Prep: I did a quick search for some of the logos of items on my grocery list, copy and paste and I’m done.  The internet makes this so simple and quick!

I didn’t pull it out at the grocery store until I knew we were about to start hitting the items on the list so basically we’d already gone through produce and meats.  J’s list also did not include everything on my list.  It was funny how he immediately knew what certain items were when I handed him the list.  Like he knew that the Yoplait logo meant yogurt or the Lactaid logo was milk. This not only keeps them busy while shopping, it was also great practice with word recognition and letter recognition.   

J really liked this, even better than the other grocery lists honestly.  I think it helped too that I gave him a highlighter to check off his list rather than the normal crayon or pen 🙂

For younger ones, I would put the items in the order that you’ll reach them in the store. Another thing that works well is to fold the list in half or in thirds so they are just looking at a few items on the list at a time.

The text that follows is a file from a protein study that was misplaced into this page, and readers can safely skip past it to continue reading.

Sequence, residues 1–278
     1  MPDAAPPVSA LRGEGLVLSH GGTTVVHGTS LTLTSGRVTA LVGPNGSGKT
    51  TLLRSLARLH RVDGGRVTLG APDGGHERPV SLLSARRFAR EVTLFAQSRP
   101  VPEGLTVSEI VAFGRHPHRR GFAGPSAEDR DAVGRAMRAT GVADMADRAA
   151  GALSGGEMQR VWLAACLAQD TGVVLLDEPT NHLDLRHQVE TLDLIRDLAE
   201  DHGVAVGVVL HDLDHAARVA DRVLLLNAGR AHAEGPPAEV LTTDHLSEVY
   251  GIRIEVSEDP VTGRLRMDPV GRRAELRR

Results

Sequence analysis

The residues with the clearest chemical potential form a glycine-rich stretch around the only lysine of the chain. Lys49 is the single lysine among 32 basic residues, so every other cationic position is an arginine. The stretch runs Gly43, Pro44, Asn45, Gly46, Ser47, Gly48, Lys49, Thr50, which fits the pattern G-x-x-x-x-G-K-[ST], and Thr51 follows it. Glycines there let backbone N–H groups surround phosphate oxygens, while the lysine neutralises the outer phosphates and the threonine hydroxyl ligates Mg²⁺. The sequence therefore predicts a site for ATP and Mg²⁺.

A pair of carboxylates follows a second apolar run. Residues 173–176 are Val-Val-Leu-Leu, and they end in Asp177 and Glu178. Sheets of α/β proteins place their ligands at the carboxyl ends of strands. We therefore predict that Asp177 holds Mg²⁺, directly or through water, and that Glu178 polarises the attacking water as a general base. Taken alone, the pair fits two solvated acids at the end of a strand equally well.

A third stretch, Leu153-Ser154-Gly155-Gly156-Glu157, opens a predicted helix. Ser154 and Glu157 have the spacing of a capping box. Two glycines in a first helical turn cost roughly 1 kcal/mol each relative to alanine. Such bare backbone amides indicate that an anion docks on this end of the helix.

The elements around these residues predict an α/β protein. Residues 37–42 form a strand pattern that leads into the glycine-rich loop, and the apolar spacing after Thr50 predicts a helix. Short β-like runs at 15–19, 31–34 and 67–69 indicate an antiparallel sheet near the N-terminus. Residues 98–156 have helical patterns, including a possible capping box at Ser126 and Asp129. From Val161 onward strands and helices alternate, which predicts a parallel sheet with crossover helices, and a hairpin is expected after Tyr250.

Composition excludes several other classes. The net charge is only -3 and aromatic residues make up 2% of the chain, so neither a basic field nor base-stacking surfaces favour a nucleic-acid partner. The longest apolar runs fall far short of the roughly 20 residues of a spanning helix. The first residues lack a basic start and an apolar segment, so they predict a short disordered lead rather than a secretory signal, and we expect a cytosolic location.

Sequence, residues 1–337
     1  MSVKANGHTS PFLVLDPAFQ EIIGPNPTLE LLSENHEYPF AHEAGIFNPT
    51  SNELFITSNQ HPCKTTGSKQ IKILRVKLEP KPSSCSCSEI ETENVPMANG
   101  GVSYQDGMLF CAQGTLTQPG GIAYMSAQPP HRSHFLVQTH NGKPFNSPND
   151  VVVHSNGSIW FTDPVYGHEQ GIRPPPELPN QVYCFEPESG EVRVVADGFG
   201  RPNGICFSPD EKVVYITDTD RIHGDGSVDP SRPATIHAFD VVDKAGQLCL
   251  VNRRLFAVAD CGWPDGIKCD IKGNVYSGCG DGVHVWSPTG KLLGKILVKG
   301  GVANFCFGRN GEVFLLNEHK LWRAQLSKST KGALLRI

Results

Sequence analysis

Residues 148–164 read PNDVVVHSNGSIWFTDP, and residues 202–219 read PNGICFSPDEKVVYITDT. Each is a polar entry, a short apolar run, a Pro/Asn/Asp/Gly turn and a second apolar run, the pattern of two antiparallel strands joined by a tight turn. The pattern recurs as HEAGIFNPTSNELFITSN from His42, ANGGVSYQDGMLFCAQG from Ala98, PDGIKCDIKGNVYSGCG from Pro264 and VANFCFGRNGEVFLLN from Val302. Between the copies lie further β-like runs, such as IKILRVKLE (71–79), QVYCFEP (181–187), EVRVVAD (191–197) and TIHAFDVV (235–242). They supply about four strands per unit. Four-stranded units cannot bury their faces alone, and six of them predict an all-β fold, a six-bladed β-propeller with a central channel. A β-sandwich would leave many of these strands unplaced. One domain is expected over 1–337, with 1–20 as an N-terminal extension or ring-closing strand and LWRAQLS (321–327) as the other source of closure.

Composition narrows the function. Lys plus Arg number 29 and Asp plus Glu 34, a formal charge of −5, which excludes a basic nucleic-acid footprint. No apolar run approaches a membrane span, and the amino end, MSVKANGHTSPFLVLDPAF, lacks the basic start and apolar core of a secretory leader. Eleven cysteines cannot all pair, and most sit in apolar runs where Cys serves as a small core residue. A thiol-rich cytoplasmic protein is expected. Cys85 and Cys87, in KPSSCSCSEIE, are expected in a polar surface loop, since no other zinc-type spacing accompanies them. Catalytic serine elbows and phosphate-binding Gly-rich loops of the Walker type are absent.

You could use this as a scavenger hunt rather than a grocery list that kids would love (which means they’re focused while you shop!).  And this would actually make the list even easier to create since it wouldn’t matter which items you included.

Age attempted: 33 months

Valentine Necklace

This necklace was a Valentine treat I actually made for my niece.  It’s really too intricate for J to do on his own.  An older child could manage this activity just fine.  I think it would be a cute party favor for a tea party or Valentine’s party.

Of course, I made the necklace too short.  I really underestimated the length.  The instructions (here) said to make it 36″ long.  I guess I should’ve measured!  It will have to be a necklace for her baby dolls.  I also made a bracelet that should fit her though.  And she can always enjoy eating both, even if she can’t actually wear them.

Dump Truck Valentine Card

J made these Valentines cards for his cousins. 

What you need:  Unopened box of candy and a few extra pieces of the candy, construction paper, cardstock, car stickers, marker, and glue

 Prep:  I precut all the pieces of the truck for him to glue onto the cardstock and already had the “Happy Valentine’s Day” message on the cardstock. 

J  put the shapes together to create the truck and then added the box of candy at the end.  

The front of the card has a little road with some foam car stickers.  I thought it turned out pretty cute

This is from Busy Bee Craft .  Of course, I didn’t plan for the candy box to be glued on at a tilt (in effect, dumping its cargo).  Oops!